Wednesday, 10 June 2015

Rural Decay: 1

Over the winter, we spent some time discovering and studying a good many deserted dwellings in the Llanllyfni area, on that stretch of high ground to the east above Dyffryn Nantlle.  One of the first (and highest) we found was Maen-y-Gaseg, at the end of a long road on the slopes of Craig Cwm Silyn.

Most of the cottages hereabouts were lived in by quarrymen and their families who, to eke out their meagre wages, did a little farming as well after work. I wonder where they found the energy. There are a few similar ruins along the road to the Cwm, only identifiable by searching the 1890 maps. Maen-y-Gaseg at least had a gate with a name written on it.

The decline in crofting in these parts probably happened after the second world war, when the quarries stopped and council houses with bathrooms and proper kitchens became widely available. No doubt there are some who mourn the way of life, but to me, it seems a brutal and hard way to live. I know what I'm talking about, as I spent ten years on a hill farm in Scotland- even with the aid of tractors and central heating, it wasn't an easy life.

The views from the small windows of Maen-y-Gaseg are sublime but I can't imagine being completely receptive to the scenery when it was freezing cold and there were animals to feed before walking the four miles to work, then doing the same upon one's return. I'd like to think that the cottage was a cosy one- the way it's built into the lee of that massive rock tends to suggest that it might be a draughty spot. I also wonder about the person that built the place. Back in the sixties, I was told by an old lady that her father had built the house I was living in at the time, when he came back from the first world war. Perhaps Maen-y-Gaseg was also built by a quarryman, having been given, or claimed a parcel of land. Many if not all the stones are rounded, glacial rocks, although some bear mason's marks- perhaps by the quarryman himself. It's a far cry from "Grand designs", that's for sure, but at this remove from the reality of life in victorian times, it does seem a delightful spot.


Anonymous said...

Great stuff, Iain. I'm liking the selective focus of the peeling red wall.

Iain Robinson said...

Thanks, Graham. We've noted that red wall colour a couple of times in old ruins...perhaps it was in vogue in the seventies!

Anonymous said...

I see your point about romanticising the way of life there, although I do wonder if we've traded more of our freedom than we realise for comfort.

By the way, you called the place a 'croft': is that a term used in Wales?

Iain Robinson said...

Thanks, Andy. I agree, it's relative. Thinking about it, our house in Scotland didn't have central heating, but I don't remember it being awful- except for the frost patterns on the windows. I don't think the quarryman had much freedom though. He was in thrall to a quarry owner who could sack him at a moment's notice and if he was killed at work, would send his remains home in a sack on the back of a cart. He earned a pitiful wage and there were no sickness or state benefits. I think rather than trading our freedom for comfort, in this country at least, we've simply voted for the return of good old capitalism, rather like turkeys voting for an early christmas :-)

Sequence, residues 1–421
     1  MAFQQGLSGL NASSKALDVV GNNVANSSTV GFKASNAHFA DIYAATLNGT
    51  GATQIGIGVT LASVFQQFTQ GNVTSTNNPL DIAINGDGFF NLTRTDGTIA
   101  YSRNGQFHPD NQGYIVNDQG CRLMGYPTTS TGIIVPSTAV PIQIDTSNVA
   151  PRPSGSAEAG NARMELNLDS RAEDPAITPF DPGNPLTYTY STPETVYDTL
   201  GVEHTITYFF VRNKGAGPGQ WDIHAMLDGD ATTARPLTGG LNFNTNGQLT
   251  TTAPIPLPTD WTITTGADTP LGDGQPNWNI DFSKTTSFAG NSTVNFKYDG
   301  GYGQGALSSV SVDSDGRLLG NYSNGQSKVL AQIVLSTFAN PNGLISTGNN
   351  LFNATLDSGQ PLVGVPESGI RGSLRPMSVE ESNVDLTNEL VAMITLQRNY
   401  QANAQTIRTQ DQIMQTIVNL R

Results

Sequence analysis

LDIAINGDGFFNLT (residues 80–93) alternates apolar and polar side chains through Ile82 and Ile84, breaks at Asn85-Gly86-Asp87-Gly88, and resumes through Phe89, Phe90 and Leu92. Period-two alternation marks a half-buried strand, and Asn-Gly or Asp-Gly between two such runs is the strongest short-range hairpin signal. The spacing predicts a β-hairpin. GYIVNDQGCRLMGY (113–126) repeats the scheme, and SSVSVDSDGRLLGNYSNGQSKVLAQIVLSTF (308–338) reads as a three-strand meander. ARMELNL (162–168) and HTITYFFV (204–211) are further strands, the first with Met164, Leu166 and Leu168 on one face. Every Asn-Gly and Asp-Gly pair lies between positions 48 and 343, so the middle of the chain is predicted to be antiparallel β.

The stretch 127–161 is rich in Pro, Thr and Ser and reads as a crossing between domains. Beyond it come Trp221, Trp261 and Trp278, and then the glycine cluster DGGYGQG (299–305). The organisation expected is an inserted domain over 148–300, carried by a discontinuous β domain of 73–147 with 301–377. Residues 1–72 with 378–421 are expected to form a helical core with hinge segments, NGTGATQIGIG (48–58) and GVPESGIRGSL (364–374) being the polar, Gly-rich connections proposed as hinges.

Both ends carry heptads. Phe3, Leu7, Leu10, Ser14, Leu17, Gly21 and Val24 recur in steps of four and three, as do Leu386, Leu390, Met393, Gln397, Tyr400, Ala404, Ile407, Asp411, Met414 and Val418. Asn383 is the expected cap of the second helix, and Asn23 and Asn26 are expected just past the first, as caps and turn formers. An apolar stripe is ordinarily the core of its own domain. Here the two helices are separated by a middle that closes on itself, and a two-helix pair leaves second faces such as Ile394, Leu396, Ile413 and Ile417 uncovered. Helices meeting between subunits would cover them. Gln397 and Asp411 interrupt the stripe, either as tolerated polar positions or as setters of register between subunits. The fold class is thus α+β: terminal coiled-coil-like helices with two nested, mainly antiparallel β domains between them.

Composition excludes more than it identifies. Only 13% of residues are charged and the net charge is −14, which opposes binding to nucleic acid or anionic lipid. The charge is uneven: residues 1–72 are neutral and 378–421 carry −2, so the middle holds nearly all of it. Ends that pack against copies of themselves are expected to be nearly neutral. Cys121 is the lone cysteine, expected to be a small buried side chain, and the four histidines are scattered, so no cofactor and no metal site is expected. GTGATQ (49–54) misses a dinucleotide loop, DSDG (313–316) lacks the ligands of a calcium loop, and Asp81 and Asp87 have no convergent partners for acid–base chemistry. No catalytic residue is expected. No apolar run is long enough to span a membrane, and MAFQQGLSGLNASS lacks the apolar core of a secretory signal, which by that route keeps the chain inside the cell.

I used the term croft without thinking, there is a name for it in Welsh, which I will have to find out :-)

Paul B. said...

Frost patterns inside windows, reminds me of my youth in a Bedfordshire council house. No central heating, harder winters, and coal fires. Nothing compared to that cottage though, life must have been hard up there. Your photos are, as usual, superb. But somehow I always feel a little sad seeing an empty house, whether its on a hillside or in a city. A house loses its identity, its purpose, without anyone to occupy it.

Iain Robinson said...

Thank you, Paul- I'm very pleased that you liked the photos. I agree with you, there is such a feeling of sadness about these ruins. I felt that too, about the loss of identity. The place seems blank without the signs of human everyday life about it.

Anonymous said...

Also living in a place like this must have been quite hard on the health, especially when worked to the bone and with a poor diet.

I sort of see the point about trading freedom for comfort and materialism but it would be a very hardy soul who would choose to live in a place like this. I just visited the Western Isles and was struck by how many more comfortable, efficient new builds there were when crofting cottages and older houses had been allowed to fall into ruin. I think that's what people choose when faced with building costs and hard climate.

Your ten years on a hill farm in Scotland sounds interesting! Great post as always.

Iain Robinson said...

Thank you very much, Alex. I noticed the same thing in Ireland, modern houses sitting right next to crofts, being allowed to go to ruin.

Yes, I think if you were able to make a living off the land without needing to work for "the man" then yes, it would be freedom. I imagine the quarryman coming home from work, doing a few chores and then collapsing in his bed. They would often work ten hours or more in the quarry, so there wasn't that much time at either end of the day. A lot of the burden fell on the quarryman's wife- often she would have to walk a good few miles for her supplies and of course they usually took in a lodger (another quarry worker) to help make ends meet. The parish registers for the area are a fascinating read and it's fun trying to entangle the stories behind the entries!

Those ten years on the farm were very happy ones, the happiest apart from moving to Wales ten years ago, so perhaps life wasn't so hard- or is it my rose-tinted specs :-)

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